Stonehenge’s original creator was known to have made ‘Neolithic mince pie’. Experts discovered evidence that Stonehenge people used nuts and sloeberries 4,500 years ago.

  • Durrington Walls Excavations revealed that sweet foods had been cooked.
  • They included hazelnuts and crab apples, as well as sloe berries.
  • English Heritage said that Neolithic builders might have used’mince pie’ to make their pies.
  • Each Monday in December, volunteers will make pies inspired and baked by discoveries.

English Heritage suggests that Stonehenge builders may have been fueled by ‘Neolithic mince-pies’ 4500 years ago.  

Archaeologists excavated Durrington Walls in order to find out where the builders built the monument. This settlement was established around 2,500 BC.  

The evidence showed that builders collected and prepared hazelnuts. 

Evidence was found at Durrington Walls, Amesbury, that the builders gathered and cooked hazelnuts, sloes, crab apples and other fruit. Pictured: English Heritage volunteers make Neolithic-inspired mince pies on the hearth at the Neolithic houses in Stonehenge

Durrington Walls in Amesbury provided evidence that builders cooked hazelnuts and sloes as well as crab apples. Pictured: English Heritage volunteer make Neolithic-inspired mince patties on Stonehenge’s hearth.

Researchers discovered that charred plant remains had been found at the site. These findings led to researchers assuming that they may have served as a way to preserve and flavor foods. 

It was not known if Stonehenge’s builders ate sweeter food, but they were likely to have eaten pork, beef, and dairy.  

While there’s no evidence to support the use of pastry, it is possible that people were able to create pastry using wheat, hazelnut and acorn flour. 

English Heritage claimed that builders might have used a clay pot or flat stone to bake Neolithic “mince pies” similar to welsh cakes.  

Until now it was unclear whether the builders of Stonehenge, on Salisbury Plain in Wiltshire, were eating sweeter foods but it was believed they ate pork, beef and dairy. Pictured: A volunteer holds a basket of sweet fruits and nuts on the site

Although it wasn’t clear whether Stonehenge builders, located on Salisbury Plain, Wiltshire were eating sweeter foods, it is believed that they did eat pork, beef, or dairy. Photo: The site volunteer holding a basket containing sweet fruits and nuts.

There is no direct evidence pastry was used but people at the time knew how to grow cereal crops and could have made pastry from wheat, hazelnut or acorn flour. Pictured: Ingredients for the Neolithic-inspired mince pies are laid out for cooking

Although there isn’t any evidence that pastry was ever used, people of the Neolithic era knew how to cultivate cereal crops. They could also have made pastry using wheat, hazelnut, or acorn flour. Pictured: Here are the ingredients to make Neolithic-inspired mince tarts.

English Heritage said the builders could have baked Neolithic 'mince pies' using a flat stone or ceramic pot which was heated in the embers of a fire, similar to a welsh cake. Pictured: The pies sit on the hearth baking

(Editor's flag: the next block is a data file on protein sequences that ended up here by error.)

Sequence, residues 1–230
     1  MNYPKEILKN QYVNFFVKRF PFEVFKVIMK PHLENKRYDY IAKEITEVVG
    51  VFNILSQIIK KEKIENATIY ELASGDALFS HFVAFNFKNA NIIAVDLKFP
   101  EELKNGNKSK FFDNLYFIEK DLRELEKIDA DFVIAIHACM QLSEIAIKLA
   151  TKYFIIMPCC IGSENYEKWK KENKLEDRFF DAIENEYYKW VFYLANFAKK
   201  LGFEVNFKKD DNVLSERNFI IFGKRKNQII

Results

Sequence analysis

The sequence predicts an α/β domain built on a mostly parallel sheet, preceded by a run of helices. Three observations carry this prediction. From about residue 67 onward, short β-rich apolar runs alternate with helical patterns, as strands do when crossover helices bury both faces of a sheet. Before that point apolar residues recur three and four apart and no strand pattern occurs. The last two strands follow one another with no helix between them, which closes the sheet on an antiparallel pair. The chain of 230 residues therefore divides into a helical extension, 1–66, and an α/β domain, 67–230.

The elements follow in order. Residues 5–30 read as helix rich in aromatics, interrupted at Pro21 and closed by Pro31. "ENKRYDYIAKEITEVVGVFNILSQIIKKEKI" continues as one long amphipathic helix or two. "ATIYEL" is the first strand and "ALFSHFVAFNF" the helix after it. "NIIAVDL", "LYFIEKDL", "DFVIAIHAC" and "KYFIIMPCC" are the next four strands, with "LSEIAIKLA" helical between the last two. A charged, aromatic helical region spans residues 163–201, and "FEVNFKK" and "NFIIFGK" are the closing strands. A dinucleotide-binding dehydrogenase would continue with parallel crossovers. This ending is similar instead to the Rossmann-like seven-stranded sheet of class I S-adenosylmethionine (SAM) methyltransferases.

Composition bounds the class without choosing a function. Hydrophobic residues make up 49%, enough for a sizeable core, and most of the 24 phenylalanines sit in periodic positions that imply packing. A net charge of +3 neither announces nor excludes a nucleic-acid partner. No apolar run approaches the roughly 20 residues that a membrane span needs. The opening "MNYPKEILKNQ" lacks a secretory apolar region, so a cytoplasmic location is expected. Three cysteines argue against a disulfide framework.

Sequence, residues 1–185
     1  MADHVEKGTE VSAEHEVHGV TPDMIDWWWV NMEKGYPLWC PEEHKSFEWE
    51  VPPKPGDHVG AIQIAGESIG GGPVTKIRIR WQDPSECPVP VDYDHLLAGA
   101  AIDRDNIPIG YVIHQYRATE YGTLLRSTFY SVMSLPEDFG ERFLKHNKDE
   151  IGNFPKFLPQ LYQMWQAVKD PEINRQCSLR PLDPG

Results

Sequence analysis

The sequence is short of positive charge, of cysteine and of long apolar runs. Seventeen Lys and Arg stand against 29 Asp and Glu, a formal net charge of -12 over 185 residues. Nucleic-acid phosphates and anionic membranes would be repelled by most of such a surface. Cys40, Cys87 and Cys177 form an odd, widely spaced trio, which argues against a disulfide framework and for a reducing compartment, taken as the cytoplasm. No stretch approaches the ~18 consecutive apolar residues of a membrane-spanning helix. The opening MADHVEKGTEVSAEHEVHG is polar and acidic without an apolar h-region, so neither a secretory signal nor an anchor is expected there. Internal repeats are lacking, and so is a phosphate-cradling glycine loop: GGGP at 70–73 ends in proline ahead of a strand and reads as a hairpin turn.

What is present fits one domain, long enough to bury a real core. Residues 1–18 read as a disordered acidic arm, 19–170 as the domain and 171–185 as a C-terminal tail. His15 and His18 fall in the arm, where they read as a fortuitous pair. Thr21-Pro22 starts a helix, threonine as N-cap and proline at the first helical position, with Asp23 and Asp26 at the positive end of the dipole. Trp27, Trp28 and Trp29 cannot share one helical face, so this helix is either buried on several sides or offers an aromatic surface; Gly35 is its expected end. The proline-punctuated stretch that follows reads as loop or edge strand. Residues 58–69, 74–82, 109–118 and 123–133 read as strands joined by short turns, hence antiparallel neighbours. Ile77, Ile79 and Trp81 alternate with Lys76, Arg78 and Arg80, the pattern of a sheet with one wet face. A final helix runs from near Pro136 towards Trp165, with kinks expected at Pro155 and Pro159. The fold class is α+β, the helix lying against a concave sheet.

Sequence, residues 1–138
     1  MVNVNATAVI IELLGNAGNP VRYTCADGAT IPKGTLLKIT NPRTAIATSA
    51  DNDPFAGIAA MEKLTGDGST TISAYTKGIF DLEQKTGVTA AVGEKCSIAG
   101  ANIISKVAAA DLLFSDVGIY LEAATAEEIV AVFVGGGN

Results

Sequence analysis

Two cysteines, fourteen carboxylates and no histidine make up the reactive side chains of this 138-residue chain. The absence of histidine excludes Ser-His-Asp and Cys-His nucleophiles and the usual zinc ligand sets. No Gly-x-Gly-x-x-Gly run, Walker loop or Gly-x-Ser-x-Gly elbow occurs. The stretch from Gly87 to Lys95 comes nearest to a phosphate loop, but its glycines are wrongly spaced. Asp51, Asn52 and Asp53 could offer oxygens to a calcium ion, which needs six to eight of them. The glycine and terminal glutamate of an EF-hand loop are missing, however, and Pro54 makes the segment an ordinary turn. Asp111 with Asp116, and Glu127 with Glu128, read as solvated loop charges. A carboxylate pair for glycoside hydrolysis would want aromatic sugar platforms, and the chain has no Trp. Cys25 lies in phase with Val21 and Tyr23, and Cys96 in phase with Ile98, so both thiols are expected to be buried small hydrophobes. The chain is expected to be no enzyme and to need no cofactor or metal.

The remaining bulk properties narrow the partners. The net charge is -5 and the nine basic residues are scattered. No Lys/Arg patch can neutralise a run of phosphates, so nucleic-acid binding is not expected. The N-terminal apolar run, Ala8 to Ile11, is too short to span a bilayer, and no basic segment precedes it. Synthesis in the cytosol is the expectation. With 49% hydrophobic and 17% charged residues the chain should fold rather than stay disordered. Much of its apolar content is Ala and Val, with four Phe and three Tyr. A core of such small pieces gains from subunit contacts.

English Heritage stated that the builders may have made Neolithic “mince pie” using either a ceramic or flat stone pot. These were heated over a fire and then baked in a similar manner to welsh cakes. Pictured here: Baked pies on the hearth. 

English Heritage volunteers will make festive pies from the discoveries made at Stonehenge’s Neolithic Houses every Monday of December.  

Susan Greaney of the charity is its senior properties historian.

“Adding meat fats, hazelnuts, and fruits to a energy bar would have been a wonderful idea. It is full of calories.

“Such food might have been consumed for celebration and sustenance. The sharing of food helped the community bond. It encouraged people from all walks to come together to build Stonehenge.

“We will never be able to determine their preferred recipes, but we can imagine travelers receiving a tray full of mince pies.

Find out more and book tickets to English Heritage here.  

Every Monday in December, English Heritage volunteers will make the Neolithic-inspired pies. Pictured: A volunteer watches the pies while they cook on the hearth

English Heritage volunteers make Neolithic-inspired pie every Monday during December. Pictured: Volunteers make the Neolithic-inspired pies as they prepare them on the hearth.

How to make your own NEOLITHIC MINCE PIIES 


Here’s the recipe: 

 2 x handfuls of emmer flour 

½ handful of hazelnut flour 

A knob of lard 

A few drops water  

Filling instructions:

Small sour or four crab apples

A few blackberries

A few sloes

Pureed rosehips (about 1 tablespoon of pureed Rosehips)

One spoonful honey


A few whole berries

A few crushed hazelnuts


A drizzle of honey and some linseeds for the tops


1. Heat your oven at 210°C electric/190° fan/gas mark 5. Your compote filling ingredients can be cut up and placed in a saucepan over medium heat. Cook until tender.

2. Combine the flours and the lard with a little water to make a dough.

3. For the bottom of the pie, create 6 circles and six circles for tops. In a muffin pan, place the pie bases in the cups.

4. Place lids on a plate and water it.

5. When all lids are removed, spray the tops with water. Sprinkle honey, crushed hazelnuts, and linseeds.

6. Bake the bread for 20 minutes until it is golden brown.

7. Enjoy!

Pictured: One of English Heritage's Neolithic-inspired mince pies being made at Stonehenge

Pictured: Stonehenge, England’s Neolithic-inspired mince tarts